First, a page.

Satellite phones have long been the fall-back option for remote mining camps, especially in areas that do not have copper or fibre cables. A satellite phone can keep workers in touch with loved ones and the outside world, providing an important link between a remote mine site and the world they have come from. With fibre optic cabling becoming more prominent in communications nowadays, IP telephony is replacing satellite phones in a lot of camps. A fibre cable running throughout the camp can provide each individual donga with an IP phone as well as high-speed internet.
“Accommodation units should be separated by a fireproof wall to maintain worker safety, as well as be certified W60 cyclonic wind rating, to withstand the worst of Australia’s weather.”
Thorsten Punke from TE Connectivity explains that small mobile cells at critical points around the camp will help increase the range of mobile phone reception, offering residents another means of keeping in touch with colleagues and the world back home.
“A reliable form of mobile communication is critical for safety, as well as allowing people to maintain a working link to their contacts. Until recently small cells were difficult to deploy efficiently due to power constraints and the distance limits of copper cabling, but now hybrid fibre solutions and Power-over-fibre (PoF) allow deployment on a much wider scale, and in more productive areas within a mine site.”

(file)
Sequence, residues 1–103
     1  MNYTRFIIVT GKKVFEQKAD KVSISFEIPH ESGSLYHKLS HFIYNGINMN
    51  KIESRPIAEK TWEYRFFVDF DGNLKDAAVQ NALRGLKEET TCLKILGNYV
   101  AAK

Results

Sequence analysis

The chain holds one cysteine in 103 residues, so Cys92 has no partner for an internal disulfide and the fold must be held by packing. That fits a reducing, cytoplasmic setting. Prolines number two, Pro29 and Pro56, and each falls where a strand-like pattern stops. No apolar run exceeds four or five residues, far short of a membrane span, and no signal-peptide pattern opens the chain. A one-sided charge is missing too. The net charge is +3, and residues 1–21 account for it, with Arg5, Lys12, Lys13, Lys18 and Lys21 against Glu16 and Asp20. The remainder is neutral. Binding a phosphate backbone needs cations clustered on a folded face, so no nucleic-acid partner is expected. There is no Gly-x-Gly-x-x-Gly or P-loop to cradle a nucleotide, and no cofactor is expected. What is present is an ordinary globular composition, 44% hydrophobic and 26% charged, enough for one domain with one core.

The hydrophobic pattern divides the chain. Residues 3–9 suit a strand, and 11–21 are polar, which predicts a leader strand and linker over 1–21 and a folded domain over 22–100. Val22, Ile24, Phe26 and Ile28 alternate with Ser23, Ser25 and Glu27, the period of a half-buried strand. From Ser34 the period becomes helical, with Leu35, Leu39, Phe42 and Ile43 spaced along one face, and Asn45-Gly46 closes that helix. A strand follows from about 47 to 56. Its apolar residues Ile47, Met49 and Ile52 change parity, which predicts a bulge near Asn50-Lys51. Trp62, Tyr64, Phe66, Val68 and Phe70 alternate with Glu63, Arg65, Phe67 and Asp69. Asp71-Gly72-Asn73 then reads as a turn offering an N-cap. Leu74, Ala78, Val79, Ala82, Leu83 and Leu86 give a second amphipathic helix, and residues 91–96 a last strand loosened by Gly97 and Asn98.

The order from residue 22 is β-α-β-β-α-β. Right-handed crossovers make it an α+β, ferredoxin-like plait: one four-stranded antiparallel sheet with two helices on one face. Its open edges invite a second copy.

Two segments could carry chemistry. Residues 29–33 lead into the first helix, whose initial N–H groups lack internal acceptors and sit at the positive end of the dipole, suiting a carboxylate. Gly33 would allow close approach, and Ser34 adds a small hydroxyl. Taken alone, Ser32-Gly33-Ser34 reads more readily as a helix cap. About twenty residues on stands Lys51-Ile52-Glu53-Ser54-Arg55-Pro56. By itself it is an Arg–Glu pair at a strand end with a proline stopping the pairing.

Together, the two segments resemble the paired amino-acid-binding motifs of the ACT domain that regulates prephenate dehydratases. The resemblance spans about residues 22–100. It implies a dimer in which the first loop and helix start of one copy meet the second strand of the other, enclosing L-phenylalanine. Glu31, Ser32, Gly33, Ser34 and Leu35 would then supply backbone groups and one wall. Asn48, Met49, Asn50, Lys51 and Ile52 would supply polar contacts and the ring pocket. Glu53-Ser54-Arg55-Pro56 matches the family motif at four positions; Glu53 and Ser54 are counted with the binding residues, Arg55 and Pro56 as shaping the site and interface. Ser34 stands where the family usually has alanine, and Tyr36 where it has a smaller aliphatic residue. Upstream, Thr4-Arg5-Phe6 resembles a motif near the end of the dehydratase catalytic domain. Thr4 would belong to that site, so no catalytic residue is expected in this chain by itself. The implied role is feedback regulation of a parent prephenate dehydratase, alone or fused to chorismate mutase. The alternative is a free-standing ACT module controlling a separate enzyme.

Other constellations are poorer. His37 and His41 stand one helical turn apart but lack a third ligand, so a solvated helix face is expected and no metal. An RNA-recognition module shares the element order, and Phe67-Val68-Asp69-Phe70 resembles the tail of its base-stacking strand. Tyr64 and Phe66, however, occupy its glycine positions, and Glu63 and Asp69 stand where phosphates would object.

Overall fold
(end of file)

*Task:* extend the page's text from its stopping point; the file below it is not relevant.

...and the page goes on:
Recreational facilities are a big part of life in a mining camp, offering employees a range of alternative activities to occupy the hours in between shifts. Tennis courts are popular, as are basketball and futsal courts. One space may be used to accommodate a range of different group sports such as these, which can be organised by roster. Multifunctional spaces, based on an indoor or outdoor sporting facility design can host basketball, futsal (five-a-side indoor soccer), indoor cricket, badminton, netball, tennis and more. Touch football is another popular choice, requiring a cleared, grassed space nearby accommodation facilities.
Companies that design and produce multifunctional sporting facilities are mindful of the wear-and-tear that courts will face, as well as the fact that they will often be in harsh environments. Designs can be sourced that work well with the local conditions to preserve the biological health, stability and diversity of the natural environment. Key design features can minimise soil erosion, maximise the capture and retention of surface water for irrigation (thereby minimising on site water consumption) and minimise the use of electricity in lighting.